Introduction to Geosynthetic Certification Institute-Inspectors Certification Program for “Geosynthetic and Compacted Clay Liner Materials”
The Geosynthetic Certification Institute-Inspectors Certification Program (GCI-ICP) for “Geosynthetics Materials and/or Compacted Clay Liners” is administered by the Geosynthetic Certification Institute which is a branch of the Geosynthetic Institute. It is located in Folsom, Pennsylvania about four-miles from the Philadelphia International Airport. Dr. George R. Koerner (Program Director), and Dr. Robert M. Koerner (Oversight) and Ms. Jamie Koerner (Administrator) are the principals involved.
The certification program to be described herein focuses on CQA but can (and should) pertain to CQC as well. Two different programs are offered; one is focused on geosynthetic materials and the other on compacted clay liners. A candidate can take both programs if desired.
The following flow chart describes the interactions of MQA/CQA and MQC/CQC as they apply to a particular project so as to produce an appropriate level of quality.
Figure 1 - Organizational Structure of Quality Control and Quality Assurance Activities
*Note that this certification program focuses on both geosynthetic and compacted clay liner construction quality assurance (CQA) and only indirectly on manufacturing quality assurance (MQA).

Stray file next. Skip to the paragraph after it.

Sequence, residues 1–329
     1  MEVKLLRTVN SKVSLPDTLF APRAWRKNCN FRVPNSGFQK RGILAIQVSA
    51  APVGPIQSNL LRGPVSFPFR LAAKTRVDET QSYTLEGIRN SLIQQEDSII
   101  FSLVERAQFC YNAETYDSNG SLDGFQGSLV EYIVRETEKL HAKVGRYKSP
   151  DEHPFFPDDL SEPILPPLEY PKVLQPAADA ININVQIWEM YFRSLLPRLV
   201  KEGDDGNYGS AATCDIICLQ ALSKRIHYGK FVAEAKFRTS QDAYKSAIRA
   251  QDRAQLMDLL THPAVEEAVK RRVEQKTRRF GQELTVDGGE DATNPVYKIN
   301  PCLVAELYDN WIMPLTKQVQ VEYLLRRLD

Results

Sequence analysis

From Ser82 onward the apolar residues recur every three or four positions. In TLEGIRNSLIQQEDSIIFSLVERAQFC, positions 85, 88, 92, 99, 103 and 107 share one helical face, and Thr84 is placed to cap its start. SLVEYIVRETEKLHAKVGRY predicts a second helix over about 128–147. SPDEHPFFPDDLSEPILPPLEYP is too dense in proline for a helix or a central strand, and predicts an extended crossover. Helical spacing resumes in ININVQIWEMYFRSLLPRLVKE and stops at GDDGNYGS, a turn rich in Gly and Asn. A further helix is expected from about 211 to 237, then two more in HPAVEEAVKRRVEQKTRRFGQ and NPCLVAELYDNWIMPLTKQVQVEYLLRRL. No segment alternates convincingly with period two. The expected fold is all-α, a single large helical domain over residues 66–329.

The Value of CQA
The electrical leak location survey (ELLS) method was developed in 1984 and was slow to initially be implemented but for the past 10-years provided a wealth of data on leaks of geomembranes placed in the field; both uncovered, and after soil covering. For uncovered geomembranes the water puddle technique (ASTM D6747 and D7002) is used and for soil covered geomembrane the dipole technique (ASTM D6747 and D7007) is used. The following photographs (compliments of A. Rollin) show each technique being used.
(a) Water Puddle Technique (b) Dipole Technique
Figure 2 - Electric Leak Location Survey Techniques
(photos comp. TRI Environmental, Inc.)
In a paper by Forget, Jacquelin and Rollin (2005) a comparison of exposed geomembrane leakage without CQA and with CQA has been generated. Figure 3 shows the incidence of holes for these two situations. The result is that an average of 22 leaks/ha (9.0 leaks/acre) occurred in 14 projects without CQA; whereas an average of 4 leaks/ha (1.6 leaks acre) occurred in 43 projects with CQA.
Figure 3 - Exposed Geomembrane Leakage Without and With CQA
(curves compl. A. Rollin, et al., 2003)
The situation for covered geomembranes [usually with 300 mm (or 12 in.) of sand or gravel] is even more dramatic. The result from 42-projects is that an average of 16 leaks/ha (6.5 leaks/acre) occurred without CQA; whereas an average of only 0.5 leaks/ha (0.20 leaks/acre) occurred with CQA.
This reference, and others, indicate that there is a direct relationship between leak occurrence and the presence or absence of a credible CQA program. Of course, the tacit assumption is that a “credible” CQA program is being offered and it is this program being described that will hopefully fill this need.